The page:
For a while, it didn’t look like this would be the case… but there were surprises to be had at the 93rd Annual Academy Awards and it wasn’t just about the winners. I didn’t expect Glenn Close to shake her groove thang to the late 1980s classic “Da Butt” by E.U., but it happened and it was pretty darn funny. I certainly didn’t expect Best Picture not to be the last category announced, but it happened in what turned out to be a poor decision. Memo to the Academy: make the biggest race of all the final one. It’s not that complicated.
There were also some unexpected twists in the categories themselves. Let’s get this out of the way: I went 13/20 in my picks. You won’t hear me bragging about that statistic. Until the final few minutes of the program (which did manage to run just a tad long), it started to seem like Nomadland might not be the big winner of the evening. It got there with expected wins in Picture and Chloe Zhao in Director (becoming the second woman to ever nab that prize). The surprise victory was Frances McDormand in Actress. By doing so, she became only the second performer to take that race three times (Katherine Hepburn did it on four occasions). McDormand won over my prediction of Carey Mulligan in Promising Young Woman. Most prognosticators who didn’t pick Mulligan went with Viola Davis in Ma Rainey’s Black Bottom.
Nomadland led all films with 3 wins. We had six others with two: Ma Rainey’s Black Bottom in Costume Design and Makeup and Hairstyling (correctly picked), Soul for Animated Feature and Score (got that right), Sound of Metal in Sound (yes) and Editing (where I incorrectly had The Trial of the Chicago 7), Mank in Production Design (bingo) and Cinematography (where I had Nomadland), Judas and the Black Messiah with Daniel Kaluuya in Supporting Actor (a no-brainer) and Song (where “Fight for You” was an upset victor and where I had “Speak Now” from One Night in Miami).
And then there’s The Father. Of the 8 Best Picture nominees, it was the only one that I had leaving empty-handed. Instead it took Adapted Screenplay over Nomadland. And then the late speculation of an Anthony Hopkins win over Rainey‘s Chadwick Boseman came to fruition. This really wasn’t a big shocker as Hopkins had just nabbed the BAFTA and this seemed like a genuine possibility. The decision of the producers to save Best Actor for last as opposed to Best Picture seems like they wanted to end on a dramatic note with Boseman getting the posthumous award. That backfired as Hopkins was named and he wasn’t even on video to accept. P.S. – it was Trial of the Chicago 7 that turned out as the lone BP nominee that left with zero hardware.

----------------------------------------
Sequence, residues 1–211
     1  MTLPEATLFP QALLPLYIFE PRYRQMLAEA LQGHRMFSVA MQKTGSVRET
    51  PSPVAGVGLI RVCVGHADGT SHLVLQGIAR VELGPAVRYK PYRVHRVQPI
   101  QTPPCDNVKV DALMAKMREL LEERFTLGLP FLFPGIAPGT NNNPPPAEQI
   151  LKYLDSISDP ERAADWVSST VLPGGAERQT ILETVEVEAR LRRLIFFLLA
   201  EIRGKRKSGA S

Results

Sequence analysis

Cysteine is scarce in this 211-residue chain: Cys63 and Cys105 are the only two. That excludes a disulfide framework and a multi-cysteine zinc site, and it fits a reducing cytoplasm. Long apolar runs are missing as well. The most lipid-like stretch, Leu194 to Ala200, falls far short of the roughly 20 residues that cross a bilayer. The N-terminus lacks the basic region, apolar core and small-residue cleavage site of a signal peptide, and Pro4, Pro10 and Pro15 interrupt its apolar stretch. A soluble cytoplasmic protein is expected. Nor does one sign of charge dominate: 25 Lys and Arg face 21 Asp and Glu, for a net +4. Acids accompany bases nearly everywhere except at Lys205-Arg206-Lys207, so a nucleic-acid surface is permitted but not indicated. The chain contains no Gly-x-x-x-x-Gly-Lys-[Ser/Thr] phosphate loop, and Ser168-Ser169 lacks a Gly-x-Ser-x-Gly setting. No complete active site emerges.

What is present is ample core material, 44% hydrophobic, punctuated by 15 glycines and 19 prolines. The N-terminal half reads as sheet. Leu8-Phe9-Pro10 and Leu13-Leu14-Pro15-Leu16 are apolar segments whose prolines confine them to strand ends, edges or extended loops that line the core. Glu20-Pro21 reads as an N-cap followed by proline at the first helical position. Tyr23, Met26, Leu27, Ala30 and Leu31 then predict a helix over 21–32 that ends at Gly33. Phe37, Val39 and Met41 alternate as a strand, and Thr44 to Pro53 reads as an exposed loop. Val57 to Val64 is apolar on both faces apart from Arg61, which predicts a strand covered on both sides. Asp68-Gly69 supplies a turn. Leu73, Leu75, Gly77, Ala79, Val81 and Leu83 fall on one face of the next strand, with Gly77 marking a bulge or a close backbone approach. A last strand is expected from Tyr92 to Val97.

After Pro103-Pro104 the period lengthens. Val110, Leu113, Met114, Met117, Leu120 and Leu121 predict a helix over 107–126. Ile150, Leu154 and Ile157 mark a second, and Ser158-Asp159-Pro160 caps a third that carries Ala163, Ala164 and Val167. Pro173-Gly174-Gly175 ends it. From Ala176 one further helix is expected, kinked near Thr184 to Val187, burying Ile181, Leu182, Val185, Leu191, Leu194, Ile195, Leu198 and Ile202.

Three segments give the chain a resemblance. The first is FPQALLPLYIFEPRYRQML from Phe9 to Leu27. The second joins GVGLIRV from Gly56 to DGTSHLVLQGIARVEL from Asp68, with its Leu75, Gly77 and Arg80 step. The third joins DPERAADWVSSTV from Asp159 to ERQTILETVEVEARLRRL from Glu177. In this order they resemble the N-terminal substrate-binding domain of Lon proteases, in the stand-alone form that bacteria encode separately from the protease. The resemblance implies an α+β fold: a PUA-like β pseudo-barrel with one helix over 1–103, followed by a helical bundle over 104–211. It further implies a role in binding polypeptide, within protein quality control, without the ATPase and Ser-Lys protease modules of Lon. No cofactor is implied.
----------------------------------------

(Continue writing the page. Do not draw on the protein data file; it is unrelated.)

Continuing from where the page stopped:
In other races, Promising Young Woman took Original Screenplay and Another Round won International Feature Film as expected. Same with Tenet in Visual Effects. In one of the better acceptance speeches of the night, Yuh-jung Youn emerged as Supporting Actress in Minari. I picked Time as somewhat of a spoiler choice in Documentary over My Octopus Teacher, but Octopus stood tall.
The team behind this year’s ceremony obviously had their work cut out for them. I appreciate that they mostly met the time limit. Beyond Yuh-jung, Another Round filmmaker Thomas Vinterberg and Chloe Zhao gave standout acceptance remarks. This ceremony itself won’t be too well remembered despite some best efforts… perhaps other than (and I didn’t think the post would end like this) Glenn Close and her surprise dance moves.
Breakdown of wins are as follows:
The Father, Judas and the Black Messiah, Mank, Ma Rainey’s Black Bottom, Soul, Sound of Metal
Another Round, Minari, My Octopus Teacher, Promising Young Woman, Tenet
That’s all for now and thank you for following me all along the way in these many months of 2020 Oscar speculation!